It was late in 1993, and word spread out among the small and committed group of hip-hop lovers in Tel Aviv that there was a new group of crazy kids from Yavne—a sleepy town to the south best known for its yeshiva—who spit verses in Hebrew and sounded great and looked cool. A live show, one of the group’s first, attracted a few dozen curious teenagers; what they witnessed was—speaking from a purely historical perspective and without any measure of artistic evaluation—unprecedented.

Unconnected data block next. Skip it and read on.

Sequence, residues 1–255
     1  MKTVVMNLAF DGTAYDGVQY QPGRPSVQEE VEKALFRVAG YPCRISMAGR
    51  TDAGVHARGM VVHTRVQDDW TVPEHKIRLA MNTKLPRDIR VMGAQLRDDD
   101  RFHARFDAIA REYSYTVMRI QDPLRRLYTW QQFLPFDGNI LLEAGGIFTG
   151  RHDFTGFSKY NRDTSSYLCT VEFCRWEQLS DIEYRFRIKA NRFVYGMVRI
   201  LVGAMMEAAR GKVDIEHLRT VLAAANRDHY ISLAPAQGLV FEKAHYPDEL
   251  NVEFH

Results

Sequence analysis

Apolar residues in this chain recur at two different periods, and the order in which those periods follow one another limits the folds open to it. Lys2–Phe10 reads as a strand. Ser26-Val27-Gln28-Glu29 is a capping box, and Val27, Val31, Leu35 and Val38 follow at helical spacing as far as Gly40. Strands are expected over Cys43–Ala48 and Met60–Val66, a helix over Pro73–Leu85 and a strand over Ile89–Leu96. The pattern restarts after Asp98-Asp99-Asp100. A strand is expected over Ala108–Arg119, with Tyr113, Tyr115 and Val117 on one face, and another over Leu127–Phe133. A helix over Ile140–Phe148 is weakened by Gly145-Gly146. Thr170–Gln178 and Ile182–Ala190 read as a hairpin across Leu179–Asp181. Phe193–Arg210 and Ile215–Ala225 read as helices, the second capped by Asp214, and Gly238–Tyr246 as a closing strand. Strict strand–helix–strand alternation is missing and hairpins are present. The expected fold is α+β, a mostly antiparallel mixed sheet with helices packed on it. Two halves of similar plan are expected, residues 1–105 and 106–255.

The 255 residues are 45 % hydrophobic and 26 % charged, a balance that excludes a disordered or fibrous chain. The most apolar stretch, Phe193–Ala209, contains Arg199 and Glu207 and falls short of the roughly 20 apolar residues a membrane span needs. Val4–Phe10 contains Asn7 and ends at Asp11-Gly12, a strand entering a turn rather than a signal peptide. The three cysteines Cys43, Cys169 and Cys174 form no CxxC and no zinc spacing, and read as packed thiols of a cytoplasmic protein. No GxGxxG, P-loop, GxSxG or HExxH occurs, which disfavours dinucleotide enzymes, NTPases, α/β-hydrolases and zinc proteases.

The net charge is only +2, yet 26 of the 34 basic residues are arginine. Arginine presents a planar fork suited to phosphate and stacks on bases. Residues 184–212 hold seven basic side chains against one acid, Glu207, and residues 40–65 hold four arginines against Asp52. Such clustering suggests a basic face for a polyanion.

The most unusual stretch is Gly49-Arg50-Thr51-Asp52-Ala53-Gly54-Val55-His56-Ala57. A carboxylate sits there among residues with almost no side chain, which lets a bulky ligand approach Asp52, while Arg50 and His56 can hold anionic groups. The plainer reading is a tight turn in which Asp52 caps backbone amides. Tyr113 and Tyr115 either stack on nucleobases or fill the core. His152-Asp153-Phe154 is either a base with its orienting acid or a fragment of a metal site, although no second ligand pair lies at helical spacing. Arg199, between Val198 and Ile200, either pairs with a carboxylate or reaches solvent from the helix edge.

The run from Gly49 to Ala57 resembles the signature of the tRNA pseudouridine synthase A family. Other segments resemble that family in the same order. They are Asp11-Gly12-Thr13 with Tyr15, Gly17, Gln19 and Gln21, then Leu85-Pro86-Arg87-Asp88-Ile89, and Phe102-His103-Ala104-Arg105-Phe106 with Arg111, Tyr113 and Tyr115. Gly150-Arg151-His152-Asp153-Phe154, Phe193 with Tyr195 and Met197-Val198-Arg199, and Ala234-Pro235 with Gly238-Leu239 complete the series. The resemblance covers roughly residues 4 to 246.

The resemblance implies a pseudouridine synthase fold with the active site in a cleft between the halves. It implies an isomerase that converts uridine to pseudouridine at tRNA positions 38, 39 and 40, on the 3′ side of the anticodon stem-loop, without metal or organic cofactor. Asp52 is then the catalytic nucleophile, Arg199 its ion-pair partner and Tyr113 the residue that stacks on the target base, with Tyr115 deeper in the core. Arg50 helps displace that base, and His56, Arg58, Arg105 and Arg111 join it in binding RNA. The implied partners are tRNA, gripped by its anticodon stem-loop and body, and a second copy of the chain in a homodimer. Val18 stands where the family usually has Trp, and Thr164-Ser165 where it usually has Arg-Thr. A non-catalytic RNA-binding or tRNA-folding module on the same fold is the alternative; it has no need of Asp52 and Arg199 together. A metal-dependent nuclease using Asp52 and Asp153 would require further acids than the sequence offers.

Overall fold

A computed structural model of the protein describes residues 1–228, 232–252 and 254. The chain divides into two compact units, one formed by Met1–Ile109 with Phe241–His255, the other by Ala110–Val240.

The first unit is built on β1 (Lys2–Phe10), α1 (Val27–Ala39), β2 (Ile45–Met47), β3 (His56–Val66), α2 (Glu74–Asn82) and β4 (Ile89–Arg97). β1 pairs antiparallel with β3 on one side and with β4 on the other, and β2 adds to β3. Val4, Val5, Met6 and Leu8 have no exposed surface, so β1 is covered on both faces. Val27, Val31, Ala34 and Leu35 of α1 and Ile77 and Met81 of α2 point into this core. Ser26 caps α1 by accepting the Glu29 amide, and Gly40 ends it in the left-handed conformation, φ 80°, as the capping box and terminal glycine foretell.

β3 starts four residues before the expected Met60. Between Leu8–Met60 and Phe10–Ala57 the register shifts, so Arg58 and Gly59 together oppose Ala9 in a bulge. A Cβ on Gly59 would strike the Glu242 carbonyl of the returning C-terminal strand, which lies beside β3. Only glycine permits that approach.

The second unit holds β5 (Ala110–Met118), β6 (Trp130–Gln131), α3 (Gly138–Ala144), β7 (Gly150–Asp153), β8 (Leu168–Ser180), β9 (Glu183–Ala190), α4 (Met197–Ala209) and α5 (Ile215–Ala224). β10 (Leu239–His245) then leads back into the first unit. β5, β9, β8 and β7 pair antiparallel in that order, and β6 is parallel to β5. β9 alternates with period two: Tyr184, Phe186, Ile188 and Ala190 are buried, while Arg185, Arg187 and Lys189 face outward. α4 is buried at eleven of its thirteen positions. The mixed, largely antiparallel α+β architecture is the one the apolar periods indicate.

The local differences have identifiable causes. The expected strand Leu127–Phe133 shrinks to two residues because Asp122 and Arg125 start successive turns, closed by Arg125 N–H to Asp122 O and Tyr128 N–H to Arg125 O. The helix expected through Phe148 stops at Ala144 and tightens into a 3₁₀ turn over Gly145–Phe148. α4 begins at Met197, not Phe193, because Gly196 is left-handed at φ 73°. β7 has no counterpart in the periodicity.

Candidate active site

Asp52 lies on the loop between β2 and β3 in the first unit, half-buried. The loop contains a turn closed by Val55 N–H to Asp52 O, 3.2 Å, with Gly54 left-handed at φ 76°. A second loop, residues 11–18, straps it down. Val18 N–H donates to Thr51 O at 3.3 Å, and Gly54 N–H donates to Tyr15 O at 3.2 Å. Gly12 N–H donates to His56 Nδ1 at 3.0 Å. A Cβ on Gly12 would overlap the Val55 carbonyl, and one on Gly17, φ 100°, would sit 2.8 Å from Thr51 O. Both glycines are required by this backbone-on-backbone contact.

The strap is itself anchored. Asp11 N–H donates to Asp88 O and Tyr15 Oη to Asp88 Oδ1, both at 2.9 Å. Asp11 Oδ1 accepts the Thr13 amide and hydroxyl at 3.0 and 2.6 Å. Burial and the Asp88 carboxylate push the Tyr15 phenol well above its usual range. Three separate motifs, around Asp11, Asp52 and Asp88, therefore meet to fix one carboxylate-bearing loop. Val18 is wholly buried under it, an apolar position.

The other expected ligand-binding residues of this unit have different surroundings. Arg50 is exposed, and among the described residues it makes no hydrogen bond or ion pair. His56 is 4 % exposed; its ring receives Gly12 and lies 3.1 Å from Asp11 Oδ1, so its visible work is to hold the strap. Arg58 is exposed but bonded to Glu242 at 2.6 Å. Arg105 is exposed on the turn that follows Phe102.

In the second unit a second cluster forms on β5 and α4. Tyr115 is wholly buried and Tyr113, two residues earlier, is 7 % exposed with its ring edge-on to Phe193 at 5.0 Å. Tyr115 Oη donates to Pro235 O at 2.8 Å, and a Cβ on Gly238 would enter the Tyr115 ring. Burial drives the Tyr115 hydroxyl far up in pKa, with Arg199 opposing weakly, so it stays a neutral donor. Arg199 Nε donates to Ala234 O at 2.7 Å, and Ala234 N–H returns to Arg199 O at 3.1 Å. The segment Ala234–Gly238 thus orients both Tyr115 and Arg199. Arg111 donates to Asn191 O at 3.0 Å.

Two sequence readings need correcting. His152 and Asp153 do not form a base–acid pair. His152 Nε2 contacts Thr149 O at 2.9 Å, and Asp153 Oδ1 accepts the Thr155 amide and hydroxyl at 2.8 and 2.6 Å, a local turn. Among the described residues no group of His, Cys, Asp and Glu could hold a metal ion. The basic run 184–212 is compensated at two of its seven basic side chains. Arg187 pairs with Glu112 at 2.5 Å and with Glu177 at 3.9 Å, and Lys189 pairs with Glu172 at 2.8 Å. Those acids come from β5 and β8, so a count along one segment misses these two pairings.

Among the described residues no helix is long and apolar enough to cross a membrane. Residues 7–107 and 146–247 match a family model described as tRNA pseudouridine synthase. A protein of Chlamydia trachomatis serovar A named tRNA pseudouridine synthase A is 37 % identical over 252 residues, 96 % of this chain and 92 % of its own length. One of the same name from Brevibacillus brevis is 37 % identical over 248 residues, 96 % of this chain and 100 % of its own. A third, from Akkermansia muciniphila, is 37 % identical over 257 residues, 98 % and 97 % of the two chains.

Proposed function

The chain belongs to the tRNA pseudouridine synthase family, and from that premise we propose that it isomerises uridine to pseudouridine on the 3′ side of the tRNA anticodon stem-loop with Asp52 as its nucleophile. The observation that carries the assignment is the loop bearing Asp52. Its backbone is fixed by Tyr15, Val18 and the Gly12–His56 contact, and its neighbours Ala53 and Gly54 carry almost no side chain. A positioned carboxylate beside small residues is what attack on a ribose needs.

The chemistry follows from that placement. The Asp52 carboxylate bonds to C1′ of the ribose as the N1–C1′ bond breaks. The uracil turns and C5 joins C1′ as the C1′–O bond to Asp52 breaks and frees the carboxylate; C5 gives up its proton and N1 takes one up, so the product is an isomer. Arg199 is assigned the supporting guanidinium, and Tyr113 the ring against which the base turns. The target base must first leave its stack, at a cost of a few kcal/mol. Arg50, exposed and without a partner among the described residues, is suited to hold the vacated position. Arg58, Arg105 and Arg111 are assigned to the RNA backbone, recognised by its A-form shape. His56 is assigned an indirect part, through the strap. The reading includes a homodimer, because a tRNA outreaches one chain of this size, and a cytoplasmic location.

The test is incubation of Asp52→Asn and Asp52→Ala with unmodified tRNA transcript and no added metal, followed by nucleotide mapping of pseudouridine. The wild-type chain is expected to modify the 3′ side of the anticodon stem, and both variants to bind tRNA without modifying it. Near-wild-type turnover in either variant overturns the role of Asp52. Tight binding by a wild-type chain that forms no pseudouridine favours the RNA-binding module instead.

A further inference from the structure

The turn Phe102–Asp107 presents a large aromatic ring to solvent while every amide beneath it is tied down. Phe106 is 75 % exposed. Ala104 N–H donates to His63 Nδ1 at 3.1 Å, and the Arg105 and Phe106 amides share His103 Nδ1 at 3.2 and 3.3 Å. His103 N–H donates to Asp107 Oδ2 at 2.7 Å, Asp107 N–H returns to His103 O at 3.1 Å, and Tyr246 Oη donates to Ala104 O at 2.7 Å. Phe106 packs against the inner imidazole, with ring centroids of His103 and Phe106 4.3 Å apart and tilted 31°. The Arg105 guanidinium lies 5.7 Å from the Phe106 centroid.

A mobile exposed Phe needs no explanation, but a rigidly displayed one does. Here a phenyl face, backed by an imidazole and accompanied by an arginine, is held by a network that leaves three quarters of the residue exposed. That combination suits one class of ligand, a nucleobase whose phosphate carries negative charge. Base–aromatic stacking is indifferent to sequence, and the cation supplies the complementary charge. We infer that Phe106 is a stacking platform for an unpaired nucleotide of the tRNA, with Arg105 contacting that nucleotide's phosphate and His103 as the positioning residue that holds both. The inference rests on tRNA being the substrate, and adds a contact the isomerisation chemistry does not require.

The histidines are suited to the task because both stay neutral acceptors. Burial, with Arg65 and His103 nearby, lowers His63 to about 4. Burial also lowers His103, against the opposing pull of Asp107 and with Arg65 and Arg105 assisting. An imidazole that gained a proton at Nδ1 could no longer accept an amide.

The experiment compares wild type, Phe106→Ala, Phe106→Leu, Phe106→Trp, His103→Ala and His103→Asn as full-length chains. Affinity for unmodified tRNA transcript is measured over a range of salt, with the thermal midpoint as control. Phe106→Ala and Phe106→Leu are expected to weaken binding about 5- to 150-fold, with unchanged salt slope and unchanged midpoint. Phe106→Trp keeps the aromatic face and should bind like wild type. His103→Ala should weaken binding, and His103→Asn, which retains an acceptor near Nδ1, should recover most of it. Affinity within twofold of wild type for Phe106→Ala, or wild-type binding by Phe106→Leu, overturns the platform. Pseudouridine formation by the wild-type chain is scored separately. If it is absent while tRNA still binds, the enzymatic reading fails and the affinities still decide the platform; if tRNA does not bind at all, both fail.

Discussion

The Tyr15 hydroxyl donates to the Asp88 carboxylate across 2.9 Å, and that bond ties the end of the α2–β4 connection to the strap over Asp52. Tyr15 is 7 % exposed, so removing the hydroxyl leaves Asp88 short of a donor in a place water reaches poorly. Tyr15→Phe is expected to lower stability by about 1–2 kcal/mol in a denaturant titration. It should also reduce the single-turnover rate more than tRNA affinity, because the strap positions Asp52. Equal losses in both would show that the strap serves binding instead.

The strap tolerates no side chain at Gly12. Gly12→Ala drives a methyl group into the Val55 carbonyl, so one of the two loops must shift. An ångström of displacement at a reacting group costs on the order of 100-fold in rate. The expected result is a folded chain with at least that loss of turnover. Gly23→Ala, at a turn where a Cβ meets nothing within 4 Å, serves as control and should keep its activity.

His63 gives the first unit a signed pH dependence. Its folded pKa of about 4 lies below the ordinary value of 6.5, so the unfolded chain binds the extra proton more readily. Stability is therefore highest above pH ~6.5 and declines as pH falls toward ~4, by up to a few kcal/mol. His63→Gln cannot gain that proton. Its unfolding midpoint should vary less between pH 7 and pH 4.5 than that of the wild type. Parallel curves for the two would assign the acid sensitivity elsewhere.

The Shabak was just one of the bands to play that night at the Roxanne, one of only two or three spaces for live music in town at the time. Located in the heart of what was then an industrial zone littered with warehouses and body shops and today is a bastion of Israeli high tech dotted with espresso bars, the Roxanne was nothing more than an enormous hangar, its walls painted black, with smoke machines constantly oozing smoke into the space to make it look fuller than it was. An MC came on, made some lame attempt to warm up the crowd, already warm with drink, and introduced the first band. Its members were young and enthusiastic, playing guitars and drums and bass, closing their eyes as they sang in an effort to appear profound. The second band was no different, nor was the third; then came the Shabak. There were seven of them, all still in high school. They, too, had guitars and drums, but rather than try to sound like Morrissey, they sounded a lot like the Beastie Boys. They were loud, with three MCs cutting into one another’s flow and one-upping each other with witty and dirty banter. They had lines like “apocalypse up your ass the size of a carob,” and boasted about being from Yavne, a town, they rapped, where people constantly had sex in the streets. They took off their socks and threw them into the crowd. They had swagger.